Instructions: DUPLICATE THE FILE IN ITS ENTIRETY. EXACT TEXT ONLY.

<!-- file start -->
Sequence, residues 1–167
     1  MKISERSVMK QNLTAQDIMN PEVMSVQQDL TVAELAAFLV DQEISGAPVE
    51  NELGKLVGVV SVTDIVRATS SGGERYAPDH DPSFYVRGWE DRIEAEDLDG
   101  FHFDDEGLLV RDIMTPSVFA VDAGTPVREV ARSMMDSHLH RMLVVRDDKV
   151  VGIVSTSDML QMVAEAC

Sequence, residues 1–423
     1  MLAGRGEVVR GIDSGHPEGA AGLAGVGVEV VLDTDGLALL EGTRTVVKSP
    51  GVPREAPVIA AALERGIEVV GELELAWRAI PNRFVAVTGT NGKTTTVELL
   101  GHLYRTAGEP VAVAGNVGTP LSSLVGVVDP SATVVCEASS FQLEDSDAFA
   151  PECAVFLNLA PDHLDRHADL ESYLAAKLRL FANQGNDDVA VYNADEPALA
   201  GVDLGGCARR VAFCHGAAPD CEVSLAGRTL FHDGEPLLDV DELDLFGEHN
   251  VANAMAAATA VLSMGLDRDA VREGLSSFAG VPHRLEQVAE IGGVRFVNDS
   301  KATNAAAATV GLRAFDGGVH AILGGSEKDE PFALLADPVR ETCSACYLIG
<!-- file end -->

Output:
Sequence, residues 1–167
     1  MKISERSVMK QNLTAQDIMN PEVMSVQQDL TVAELAAFLV DQEISGAPVE
    51  NELGKLVGVV SVTDIVRATS SGGERYAPDH DPSFYVRGWE DRIEAEDLDG
   101  FHFDDEGLLV RDIMTPSVFA VDAGTPVREV ARSMMDSHLH RMLVVRDDKV
   151  VGIVSTSDML QMVAEAC

Sequence, residues 1–423
     1  MLAGRGEVVR GIDSGHPEGA AGLAGVGVEV VLDTDGLALL EGTRTVVKSP
    51  GVPREAPVIA AALERGIEVV GELELAWRAI PNRFVAVTGT NGKTTTVELL
   101  GHLYRTAGEP VAVAGNVGTP LSSLVGVVDP SATVVCEASS FQLEDSDAFA
   151  PECAVFLNLA PDHLDRHADL ESYLAAKLRL FANQGNDDVA VYNADEPALA
   201  GVDLGGCARR VAFCHGAAPD CEVSLAGRTL FHDGEPLLDV DELDLFGEHN
   251  VANAMAAATA VLSMGLDRDA VREGLSSFAG VPHRLEQVAE IGGVRFVNDS
   301  KATNAAAATV GLRAFDGGVH AILGGSEKDE PFALLADPVR ETCSACYLIG